again, I think that it is a wonderful Idea, and I would love to take part in it... Im sure there are some giant hurdles to this happening, but it seems like it would come together if there was enough interest.

    sorry for the incoherent rambling... I tend do that when I get excited about an idea...


    .mincus
    telnet://bbs.mincus.com

Re: Extreme Community (discussion)
by koolade (Pilgrim) on May 08, 2001 at 07:25 UTC

    That sounds to me too like it'd be a good project. The biggest problem would be find a good way to wade through the mess. I have a lot of perl code laying around too, but not all of it is "production quality". I think it's great that you have 80% of what someone's looking for, but will it take them more time to learn your existing code and finish it than it would for them to start from scratch?

    I think the code would have to be organized very well, and put into well-defined titles. There's a lot of potential for forking code when you look at smaller programs. Deciding between a script that queries CDDB for mp3s named Artist_Album_Song.mp3 versus a script that looks for Album_Artist_Song.mp3 would be a nightmare. It might be better to focus on larger projects than those that are more on the side of under 1000 line throwaway scripts.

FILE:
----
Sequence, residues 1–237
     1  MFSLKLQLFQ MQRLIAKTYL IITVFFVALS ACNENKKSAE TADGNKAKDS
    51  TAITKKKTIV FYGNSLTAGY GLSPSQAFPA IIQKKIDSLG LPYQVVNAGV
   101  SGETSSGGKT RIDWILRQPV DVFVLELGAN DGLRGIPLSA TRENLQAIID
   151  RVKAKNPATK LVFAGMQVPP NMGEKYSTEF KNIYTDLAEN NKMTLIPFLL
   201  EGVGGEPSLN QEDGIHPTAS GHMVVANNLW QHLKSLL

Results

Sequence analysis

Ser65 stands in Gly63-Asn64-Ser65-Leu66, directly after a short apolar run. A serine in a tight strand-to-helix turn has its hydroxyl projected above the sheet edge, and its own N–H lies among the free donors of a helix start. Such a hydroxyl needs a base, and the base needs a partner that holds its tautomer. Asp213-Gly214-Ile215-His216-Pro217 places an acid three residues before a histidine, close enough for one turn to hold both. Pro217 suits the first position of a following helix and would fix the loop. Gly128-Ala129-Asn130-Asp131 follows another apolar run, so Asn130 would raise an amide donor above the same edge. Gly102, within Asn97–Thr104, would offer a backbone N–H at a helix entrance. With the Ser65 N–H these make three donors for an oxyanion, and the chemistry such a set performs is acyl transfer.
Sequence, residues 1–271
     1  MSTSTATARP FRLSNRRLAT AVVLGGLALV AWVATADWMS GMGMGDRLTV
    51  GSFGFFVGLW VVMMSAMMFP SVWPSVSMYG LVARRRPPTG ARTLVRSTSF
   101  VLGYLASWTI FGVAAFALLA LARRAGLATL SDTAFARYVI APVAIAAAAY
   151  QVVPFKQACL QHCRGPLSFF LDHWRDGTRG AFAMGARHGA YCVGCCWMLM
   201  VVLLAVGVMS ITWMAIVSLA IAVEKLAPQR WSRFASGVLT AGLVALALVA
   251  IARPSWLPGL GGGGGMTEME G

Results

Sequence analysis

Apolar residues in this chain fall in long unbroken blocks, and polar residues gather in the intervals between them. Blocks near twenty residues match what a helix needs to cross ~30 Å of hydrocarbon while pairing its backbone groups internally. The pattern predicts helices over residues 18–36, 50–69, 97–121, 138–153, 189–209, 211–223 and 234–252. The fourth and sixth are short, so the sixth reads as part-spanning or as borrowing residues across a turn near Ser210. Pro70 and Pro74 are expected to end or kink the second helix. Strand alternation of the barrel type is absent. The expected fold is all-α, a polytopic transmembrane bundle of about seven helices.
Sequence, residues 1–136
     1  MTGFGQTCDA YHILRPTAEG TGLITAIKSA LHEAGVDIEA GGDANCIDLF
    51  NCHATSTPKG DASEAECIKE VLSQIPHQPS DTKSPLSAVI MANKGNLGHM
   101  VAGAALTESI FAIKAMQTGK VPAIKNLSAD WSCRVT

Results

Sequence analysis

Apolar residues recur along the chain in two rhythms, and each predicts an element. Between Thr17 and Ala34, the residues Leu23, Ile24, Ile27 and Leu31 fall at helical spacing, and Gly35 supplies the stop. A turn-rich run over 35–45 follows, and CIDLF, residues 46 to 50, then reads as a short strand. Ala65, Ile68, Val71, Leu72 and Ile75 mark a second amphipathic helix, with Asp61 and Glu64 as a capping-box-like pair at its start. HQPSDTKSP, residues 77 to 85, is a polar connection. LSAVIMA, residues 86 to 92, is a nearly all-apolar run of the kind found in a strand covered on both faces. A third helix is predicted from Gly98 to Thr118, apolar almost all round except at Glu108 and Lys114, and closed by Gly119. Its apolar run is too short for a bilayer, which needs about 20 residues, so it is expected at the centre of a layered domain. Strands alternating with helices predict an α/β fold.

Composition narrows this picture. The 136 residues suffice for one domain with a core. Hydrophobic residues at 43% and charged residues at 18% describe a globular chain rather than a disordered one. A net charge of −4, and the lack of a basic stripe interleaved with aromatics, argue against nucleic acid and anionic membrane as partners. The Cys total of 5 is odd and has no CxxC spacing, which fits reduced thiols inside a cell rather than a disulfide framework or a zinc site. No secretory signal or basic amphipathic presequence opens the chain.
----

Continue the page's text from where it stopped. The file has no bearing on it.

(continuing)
Also, there are hundreds of sites out there where you can download one of thousands of CGI scripts. It's really hard to find good stuff there, and something that fits your needs. This couldn't be one of those sites. Again, maybe it would have to focus more on consolidating duplicate efforts so that there's less noise, and less bad code.

    But yeah, if we can solve some of the implementation problems, it's definitely something I'd be interested in.